On December 15, 2009, the U.S. Agriculture Secretary Tom Vilsack announced a landmark memorandum of understanding (MOU) with the Innovation Center for U.S. Dairy, a part of Dairy Management Inc. developed to foster industry-wide collaboration and innovation, to support innovative methods to turn dairy waste into electricity and reduce greenhouse gas emissions (GHGs) by 25% by 2020. Secretary Vilsack announced the agreement at the U.N. climate conference in Copenhagen and set forth proposed new measures to cut emissions of methane by utilizing manure to generate electricity.
Secretary Vilsack stated, “[u]se of manure-to-electricity technology is a win for everyone because it provides an untapped source of income for farmers, provides a source of renewable electricity, reduces our dependence on foreign fossil fuels, and provides a wealth of environmental benefits.”
The MOU provides that the USDA will take several steps to help dairy farmers meet the ambitious goal of reducing GHG emissions by 25% including undertaking new research initiatives, encouraging dairies themselves to increase research, allowing implementation flexibility and enhancing the marketing efforts of anaerobic digesters to dairy producers.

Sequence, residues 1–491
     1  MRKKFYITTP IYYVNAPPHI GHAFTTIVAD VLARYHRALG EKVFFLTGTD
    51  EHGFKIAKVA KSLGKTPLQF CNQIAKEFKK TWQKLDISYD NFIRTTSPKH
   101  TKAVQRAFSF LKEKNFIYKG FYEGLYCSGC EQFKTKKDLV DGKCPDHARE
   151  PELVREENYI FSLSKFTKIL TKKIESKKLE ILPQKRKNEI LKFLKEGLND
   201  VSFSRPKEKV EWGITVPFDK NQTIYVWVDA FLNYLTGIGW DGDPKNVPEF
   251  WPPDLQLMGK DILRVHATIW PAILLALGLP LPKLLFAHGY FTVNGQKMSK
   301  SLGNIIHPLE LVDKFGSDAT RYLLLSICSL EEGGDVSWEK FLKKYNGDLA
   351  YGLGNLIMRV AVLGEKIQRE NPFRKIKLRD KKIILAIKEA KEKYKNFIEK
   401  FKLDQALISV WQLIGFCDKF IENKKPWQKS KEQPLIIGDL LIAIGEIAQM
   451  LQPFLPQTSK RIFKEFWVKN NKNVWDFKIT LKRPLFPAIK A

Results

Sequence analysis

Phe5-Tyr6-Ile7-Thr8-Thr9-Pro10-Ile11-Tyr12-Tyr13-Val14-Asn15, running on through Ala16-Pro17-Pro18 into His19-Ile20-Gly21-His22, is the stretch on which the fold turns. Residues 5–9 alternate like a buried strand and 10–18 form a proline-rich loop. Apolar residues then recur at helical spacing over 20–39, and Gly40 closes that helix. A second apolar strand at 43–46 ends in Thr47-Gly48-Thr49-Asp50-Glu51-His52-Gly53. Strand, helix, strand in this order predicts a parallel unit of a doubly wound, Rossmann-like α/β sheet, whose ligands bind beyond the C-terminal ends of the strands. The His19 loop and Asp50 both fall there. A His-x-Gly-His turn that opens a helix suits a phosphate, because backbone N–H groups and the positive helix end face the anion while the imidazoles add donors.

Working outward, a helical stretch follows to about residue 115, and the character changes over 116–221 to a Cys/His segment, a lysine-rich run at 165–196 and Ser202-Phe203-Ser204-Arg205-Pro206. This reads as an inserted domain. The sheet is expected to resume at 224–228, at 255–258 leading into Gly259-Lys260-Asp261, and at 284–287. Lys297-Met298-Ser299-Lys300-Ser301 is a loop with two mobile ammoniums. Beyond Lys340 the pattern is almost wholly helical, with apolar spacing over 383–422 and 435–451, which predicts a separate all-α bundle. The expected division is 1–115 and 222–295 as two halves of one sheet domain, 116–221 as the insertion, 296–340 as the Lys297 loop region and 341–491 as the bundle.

The anaerobic digester technology is one proven method of successfully converting waste products, such as manure, into electricity by utilizing generators fueled by methane captured from the animal manure. However, according to the USDA, only about two percent of U.S. dairies that are potential candidates for a digester are using the technology, but those that are routinely generate enough electricity to power 200 homes.
Although some argue low fossil fuel prices have kept the anaerobic digestion technologies from reaching their full potential as energy producers, this new initiative of the USDA combined with better electricity buy-back rates, and strict new laws regulating farm nutrients have made anaerobic digesters a viable alternative for electricity production and waste management compliance. As a rough rule of thumb, approximately one kilowatt (kW) of electricity is generated for every 5 Holstein milking cows contributing to the digester. An increase in the adoption of methane gas digesters for dairy farms would make it easier to connect digesters to electricity grids and help digester operators to capture potential carbon offset payments.
This MOU is part of a trend to increase the focus on the agricultural sector as the Obama administration focuses on new climate change measures. This trend includes the current proposed carbon cap-and-trade program pending in the U.S. Senate, but will more than likely not stop there as new measures are implemented to reduce GHG emissions and increase the use of renewable sources of electricity. Companies should keep abreast of developments like these in order to ensure that they are taking full advantage of all the available benefits.